NIH Pharmacogenetics Research Network Announces New Members

Release Date:
Alison Davis, NIGMS

The National Institute of General Medical Sciences (NIGMS) welcomes four new members to the NIH Pharmacogenetics Research Network and Knowledge Base. NIGMS has also extended the funding of one existing Network investigator after successful completion of a 1-year pilot project. Another NIH component, the National Heart, Lung, and Blood Institute (NHLBI), has funded three of the five new awards.

The nationwide research effort, established in April 2000, aims to understand how a person's genetic make-up determines the way a medicine works in his or her body. The interactive research network of investigators stores data in a shared information library, called PharmGKB (, which is freely accessible to the scientific community. To protect participants' privacy, names and other identifying information are not stored in this library.

In addition to NIGMS, other NIH components funding the pharmacogenetics research network awards are the National Cancer Institute; NHLBI; the National Human Genome Research Institute; the National Institute of Environmental Health Sciences; and the National Library of Medicine.

Five new awards, totaling $10.6 million for the first year of funding, have been made to:

  • University of California, Berkeley/Lawrence Berkeley National Laboratory (Ronald M. Krauss, M.D., principal investigator)--$2.5 million provided by NHLBI to study how genetic variation affects peoples' responses to drugs currently used to reduce risk for certain types of heart disease, such as elevated cholesterol levels and high blood pressure.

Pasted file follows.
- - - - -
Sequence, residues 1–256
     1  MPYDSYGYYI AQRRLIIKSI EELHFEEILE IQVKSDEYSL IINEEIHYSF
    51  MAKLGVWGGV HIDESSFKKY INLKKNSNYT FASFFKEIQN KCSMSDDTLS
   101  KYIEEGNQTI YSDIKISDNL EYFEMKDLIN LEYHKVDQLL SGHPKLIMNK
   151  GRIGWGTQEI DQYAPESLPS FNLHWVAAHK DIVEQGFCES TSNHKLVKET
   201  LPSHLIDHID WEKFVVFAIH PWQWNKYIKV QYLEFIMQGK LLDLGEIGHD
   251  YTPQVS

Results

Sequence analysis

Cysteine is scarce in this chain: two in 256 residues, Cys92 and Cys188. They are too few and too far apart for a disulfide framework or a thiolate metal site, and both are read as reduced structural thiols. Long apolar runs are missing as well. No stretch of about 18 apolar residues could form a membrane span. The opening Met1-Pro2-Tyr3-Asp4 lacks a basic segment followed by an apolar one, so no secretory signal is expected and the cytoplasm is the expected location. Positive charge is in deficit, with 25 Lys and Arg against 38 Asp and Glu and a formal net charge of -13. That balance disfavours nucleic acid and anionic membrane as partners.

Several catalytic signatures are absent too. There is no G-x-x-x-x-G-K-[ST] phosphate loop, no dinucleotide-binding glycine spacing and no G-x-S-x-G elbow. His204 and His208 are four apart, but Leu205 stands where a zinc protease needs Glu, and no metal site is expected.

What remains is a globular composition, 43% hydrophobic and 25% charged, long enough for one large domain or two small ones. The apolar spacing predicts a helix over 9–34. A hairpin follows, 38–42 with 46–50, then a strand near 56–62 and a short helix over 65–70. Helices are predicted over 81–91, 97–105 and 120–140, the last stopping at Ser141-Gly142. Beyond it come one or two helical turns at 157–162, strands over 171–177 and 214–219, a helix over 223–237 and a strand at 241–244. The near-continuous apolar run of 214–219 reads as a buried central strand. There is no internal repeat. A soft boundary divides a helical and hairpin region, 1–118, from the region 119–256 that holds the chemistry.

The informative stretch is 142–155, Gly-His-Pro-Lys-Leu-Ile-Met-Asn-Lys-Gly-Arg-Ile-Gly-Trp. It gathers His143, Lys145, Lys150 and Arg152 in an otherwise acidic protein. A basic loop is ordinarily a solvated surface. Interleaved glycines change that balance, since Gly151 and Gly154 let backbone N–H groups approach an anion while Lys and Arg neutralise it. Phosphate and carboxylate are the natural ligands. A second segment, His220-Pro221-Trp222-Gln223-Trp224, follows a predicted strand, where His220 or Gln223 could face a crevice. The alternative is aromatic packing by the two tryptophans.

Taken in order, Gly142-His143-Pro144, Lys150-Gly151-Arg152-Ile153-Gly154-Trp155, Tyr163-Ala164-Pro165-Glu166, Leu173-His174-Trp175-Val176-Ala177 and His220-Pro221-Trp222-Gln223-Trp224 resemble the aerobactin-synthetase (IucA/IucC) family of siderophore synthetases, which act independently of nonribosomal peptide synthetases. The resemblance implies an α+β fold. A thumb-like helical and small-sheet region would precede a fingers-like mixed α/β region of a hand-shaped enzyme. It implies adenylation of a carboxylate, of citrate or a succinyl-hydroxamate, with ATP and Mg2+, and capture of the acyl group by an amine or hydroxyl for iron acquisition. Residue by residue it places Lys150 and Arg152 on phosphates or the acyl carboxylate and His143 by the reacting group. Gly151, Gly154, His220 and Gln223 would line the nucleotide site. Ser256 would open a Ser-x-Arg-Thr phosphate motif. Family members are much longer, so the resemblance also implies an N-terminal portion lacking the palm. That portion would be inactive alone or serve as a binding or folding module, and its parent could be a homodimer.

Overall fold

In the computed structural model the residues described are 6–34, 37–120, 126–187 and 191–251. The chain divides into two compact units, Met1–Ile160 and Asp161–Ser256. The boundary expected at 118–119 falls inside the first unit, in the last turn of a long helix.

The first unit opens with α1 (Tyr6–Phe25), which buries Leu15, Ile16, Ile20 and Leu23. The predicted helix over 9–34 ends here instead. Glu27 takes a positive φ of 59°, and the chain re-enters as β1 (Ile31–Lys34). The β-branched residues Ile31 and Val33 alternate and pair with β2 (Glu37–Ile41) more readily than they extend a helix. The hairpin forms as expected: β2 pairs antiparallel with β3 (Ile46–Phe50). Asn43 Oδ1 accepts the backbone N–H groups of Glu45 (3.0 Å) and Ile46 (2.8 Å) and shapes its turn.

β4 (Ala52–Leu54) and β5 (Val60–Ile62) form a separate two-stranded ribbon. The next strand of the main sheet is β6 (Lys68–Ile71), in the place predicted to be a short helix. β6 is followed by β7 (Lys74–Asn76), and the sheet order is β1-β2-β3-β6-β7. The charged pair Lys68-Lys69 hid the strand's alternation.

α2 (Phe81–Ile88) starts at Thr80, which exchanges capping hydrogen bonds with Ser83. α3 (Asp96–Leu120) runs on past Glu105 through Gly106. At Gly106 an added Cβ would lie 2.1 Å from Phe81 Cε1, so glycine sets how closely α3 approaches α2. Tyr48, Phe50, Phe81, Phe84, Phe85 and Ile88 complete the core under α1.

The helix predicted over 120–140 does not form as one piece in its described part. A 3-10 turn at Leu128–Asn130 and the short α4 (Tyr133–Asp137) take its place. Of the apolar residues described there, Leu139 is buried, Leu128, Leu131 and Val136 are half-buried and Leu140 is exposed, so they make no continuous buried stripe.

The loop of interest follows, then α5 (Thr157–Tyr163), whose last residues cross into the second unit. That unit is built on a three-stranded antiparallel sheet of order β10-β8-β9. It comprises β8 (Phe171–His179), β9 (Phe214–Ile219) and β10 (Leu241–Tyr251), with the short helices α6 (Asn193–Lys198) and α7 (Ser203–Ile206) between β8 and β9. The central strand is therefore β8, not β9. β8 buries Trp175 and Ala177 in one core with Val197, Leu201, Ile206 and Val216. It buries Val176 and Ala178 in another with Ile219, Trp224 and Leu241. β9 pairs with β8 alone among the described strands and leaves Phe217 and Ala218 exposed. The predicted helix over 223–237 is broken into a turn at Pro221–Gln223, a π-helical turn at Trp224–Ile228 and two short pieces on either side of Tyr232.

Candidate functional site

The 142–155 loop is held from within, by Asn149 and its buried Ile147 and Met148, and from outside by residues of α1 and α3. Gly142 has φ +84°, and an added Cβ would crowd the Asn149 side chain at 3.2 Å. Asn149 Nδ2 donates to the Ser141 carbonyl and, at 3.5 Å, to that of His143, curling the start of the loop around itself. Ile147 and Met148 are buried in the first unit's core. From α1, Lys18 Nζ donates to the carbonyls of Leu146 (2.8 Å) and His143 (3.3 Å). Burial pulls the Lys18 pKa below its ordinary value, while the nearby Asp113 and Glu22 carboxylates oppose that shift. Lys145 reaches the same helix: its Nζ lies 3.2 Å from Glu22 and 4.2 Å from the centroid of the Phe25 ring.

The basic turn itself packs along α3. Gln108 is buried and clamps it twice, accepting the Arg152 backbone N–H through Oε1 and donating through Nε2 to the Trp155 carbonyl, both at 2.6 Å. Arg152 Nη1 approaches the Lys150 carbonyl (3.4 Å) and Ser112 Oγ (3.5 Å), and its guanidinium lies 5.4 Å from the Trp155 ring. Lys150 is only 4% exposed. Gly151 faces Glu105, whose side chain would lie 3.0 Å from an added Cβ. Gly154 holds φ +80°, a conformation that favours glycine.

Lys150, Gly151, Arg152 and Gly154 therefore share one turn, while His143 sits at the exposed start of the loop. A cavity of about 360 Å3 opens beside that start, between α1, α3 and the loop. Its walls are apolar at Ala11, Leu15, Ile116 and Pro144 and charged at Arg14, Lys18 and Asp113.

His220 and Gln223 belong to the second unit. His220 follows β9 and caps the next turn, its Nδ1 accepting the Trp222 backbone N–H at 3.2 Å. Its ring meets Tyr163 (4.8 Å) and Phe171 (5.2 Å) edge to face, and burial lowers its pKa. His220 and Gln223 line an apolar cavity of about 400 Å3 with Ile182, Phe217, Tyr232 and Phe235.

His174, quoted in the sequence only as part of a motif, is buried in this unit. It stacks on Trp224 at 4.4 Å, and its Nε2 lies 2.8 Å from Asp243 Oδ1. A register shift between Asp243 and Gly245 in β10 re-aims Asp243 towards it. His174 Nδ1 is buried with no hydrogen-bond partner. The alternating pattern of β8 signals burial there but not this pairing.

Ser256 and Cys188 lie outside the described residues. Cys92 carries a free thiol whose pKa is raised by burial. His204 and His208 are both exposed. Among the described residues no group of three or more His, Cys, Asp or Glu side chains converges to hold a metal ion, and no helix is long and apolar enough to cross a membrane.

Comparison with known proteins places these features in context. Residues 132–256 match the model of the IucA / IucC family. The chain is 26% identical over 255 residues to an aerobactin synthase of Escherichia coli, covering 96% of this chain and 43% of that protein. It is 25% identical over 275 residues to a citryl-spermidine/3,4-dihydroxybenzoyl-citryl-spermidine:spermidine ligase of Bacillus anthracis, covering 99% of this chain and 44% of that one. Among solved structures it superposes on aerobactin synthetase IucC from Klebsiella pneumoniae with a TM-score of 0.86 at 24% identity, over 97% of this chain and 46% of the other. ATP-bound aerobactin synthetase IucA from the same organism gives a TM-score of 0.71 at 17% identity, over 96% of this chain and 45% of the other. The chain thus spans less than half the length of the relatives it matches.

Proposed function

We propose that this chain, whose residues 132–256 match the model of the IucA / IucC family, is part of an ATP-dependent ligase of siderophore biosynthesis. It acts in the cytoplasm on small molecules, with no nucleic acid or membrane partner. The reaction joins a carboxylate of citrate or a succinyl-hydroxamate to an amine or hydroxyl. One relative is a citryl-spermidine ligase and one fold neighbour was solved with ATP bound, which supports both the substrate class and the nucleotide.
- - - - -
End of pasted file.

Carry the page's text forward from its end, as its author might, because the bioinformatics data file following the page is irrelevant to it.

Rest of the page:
• University of California, Los Angeles (Julio Licinio, M.D., principal investigator)--$0.6 million provided by NIGMS to expand on a 1-year pilot study designed to evaluate the role of gene variation in Mexican-Americans' responses to antidepressant medicines.

  • Washington University in St. Louis, Mo. (Howard L. McLeod, Pharm. D., principal investigator)--$1.8 million provided by NIGMS to study how variation in genes between people can produce different responses to medicines used to treat stomach and intestinal cancers, which are often fatal.

  • University of California, San Diego (Daniel T. O'Connor, M.D., principal investigator)--$2.9 million provided by NHLBI to measure the distribution of certain heart medications in defined body areas, such as the lungs, kidneys, forearm, and hand, and then determine whether regional effects of the drugs in these body areas correlate with particular gene variations.

  • Vanderbilt University in Nashville, Tenn. (Dan M. Roden, M.D., principal investigator)--$2.8 million provided by NHLBI to find genes that play a role in determining peoples' variable responses to drugs used to treat potentially fatal heart rhythm problems know as arrhythmias.

For more information on the NHLBI-funded awards, contact the NHLBI Communications Office at 301-496-4236.